My favorite pieces are all, in some way, like this planter. They evoke an unexpected image or two with my texture and glaze choices.

Oh, That Drip

Glazing … it tends to be the bane of most ceramic artist’s existence.

Why? Well, where to start?

I suppose I could begin with sharing that the glazing process is a chemical reaction activated by the heat of the kiln. Before firing glazes all tend to look kind of pinkish, brownish, white-ish, red-ish or sometimes grey-ish, but certainly never the color they will be after firing. Its enough to drive a person batty imagining the “correct” color.

Catch those quotes in my last statement? Chemical reactions also mean that glazes don’t necessarily combine based on the color wheel or logic. My favorite example of this is a beautiful turquoise matte glaze that turns maroon when a clear is applied over it instead of a shiny turquoise color.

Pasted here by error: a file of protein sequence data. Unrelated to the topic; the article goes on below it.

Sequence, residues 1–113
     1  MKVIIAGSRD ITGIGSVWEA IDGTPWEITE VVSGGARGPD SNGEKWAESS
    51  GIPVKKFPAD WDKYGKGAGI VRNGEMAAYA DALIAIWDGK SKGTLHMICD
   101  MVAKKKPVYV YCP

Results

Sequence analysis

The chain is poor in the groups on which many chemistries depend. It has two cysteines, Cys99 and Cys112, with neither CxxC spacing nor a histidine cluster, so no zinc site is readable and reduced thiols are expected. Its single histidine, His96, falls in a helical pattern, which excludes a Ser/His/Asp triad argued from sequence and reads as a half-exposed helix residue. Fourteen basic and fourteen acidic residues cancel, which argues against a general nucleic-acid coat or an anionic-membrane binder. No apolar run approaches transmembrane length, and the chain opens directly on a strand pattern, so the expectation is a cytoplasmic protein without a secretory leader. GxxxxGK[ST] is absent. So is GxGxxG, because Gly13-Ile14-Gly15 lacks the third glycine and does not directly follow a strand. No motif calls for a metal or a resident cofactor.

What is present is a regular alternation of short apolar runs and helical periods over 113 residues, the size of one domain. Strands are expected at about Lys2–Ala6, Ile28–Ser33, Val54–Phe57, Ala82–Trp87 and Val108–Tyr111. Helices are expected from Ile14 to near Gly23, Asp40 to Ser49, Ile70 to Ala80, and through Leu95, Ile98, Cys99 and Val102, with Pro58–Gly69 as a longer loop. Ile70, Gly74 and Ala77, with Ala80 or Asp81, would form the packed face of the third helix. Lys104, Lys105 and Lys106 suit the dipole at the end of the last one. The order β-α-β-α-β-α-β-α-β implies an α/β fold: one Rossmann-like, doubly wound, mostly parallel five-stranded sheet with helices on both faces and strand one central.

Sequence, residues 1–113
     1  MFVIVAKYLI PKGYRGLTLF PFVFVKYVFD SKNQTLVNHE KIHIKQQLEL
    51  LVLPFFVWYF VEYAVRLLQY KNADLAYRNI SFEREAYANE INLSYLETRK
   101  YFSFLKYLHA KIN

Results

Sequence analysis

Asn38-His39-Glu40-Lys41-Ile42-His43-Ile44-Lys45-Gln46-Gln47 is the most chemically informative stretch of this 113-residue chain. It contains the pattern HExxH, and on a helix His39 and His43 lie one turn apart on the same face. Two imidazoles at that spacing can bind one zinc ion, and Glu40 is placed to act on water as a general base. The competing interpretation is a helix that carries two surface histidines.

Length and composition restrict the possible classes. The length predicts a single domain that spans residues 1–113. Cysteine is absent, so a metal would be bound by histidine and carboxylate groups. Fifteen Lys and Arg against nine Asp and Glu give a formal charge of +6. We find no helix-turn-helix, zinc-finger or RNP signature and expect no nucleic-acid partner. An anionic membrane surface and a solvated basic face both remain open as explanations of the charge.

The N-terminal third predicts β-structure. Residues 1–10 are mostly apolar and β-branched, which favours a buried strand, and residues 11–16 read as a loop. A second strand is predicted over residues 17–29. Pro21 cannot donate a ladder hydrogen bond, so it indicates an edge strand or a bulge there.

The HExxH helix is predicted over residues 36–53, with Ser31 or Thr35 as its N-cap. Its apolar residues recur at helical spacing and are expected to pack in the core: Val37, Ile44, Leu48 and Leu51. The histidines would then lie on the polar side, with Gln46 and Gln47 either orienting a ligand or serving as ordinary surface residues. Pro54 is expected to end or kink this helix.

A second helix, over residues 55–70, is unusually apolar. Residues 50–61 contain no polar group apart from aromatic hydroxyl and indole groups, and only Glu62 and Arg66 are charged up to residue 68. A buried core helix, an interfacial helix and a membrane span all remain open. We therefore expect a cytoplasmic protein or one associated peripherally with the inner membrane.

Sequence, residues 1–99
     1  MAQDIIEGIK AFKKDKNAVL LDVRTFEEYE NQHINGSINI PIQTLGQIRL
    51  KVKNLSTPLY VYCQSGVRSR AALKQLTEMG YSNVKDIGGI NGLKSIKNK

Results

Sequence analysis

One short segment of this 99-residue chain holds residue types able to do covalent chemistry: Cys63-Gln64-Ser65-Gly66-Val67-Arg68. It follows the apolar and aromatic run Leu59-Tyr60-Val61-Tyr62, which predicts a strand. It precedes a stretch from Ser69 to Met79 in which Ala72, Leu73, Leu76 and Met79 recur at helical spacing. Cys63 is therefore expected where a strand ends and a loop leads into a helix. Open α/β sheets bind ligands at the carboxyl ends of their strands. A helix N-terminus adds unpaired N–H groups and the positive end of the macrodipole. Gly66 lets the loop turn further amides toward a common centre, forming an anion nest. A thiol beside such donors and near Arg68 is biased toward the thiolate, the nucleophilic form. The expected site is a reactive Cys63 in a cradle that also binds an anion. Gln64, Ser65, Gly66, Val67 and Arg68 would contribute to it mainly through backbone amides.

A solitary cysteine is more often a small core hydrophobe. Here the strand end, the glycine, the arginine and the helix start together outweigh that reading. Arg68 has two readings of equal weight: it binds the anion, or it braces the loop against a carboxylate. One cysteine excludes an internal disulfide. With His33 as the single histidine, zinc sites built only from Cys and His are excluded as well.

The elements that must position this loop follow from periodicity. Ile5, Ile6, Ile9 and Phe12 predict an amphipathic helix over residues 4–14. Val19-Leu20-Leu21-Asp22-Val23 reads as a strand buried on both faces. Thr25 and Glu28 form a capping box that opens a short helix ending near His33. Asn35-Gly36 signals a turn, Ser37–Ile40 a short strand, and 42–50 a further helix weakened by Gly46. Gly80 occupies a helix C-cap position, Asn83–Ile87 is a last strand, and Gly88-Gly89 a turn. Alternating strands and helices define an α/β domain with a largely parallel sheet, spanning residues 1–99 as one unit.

I could go on about glaze application thickness and application methods, but I fear I’m digressing from that drip I mentioned. All of that activating heat also means that glaze doesn’t like to stay where you put it. Instead glaze tends to run and pool. This can be extremely helpful as well as frustrating.

You see, glaze that runs can run right off of the pot onto the kiln shelf fusing your pot to the shelf. So, that intriguing little drip when it happens is something that gets ceramic artists very excited. This is especially true when that lovely drip stops just before disaster and instead leaves behind a focal point on your piece.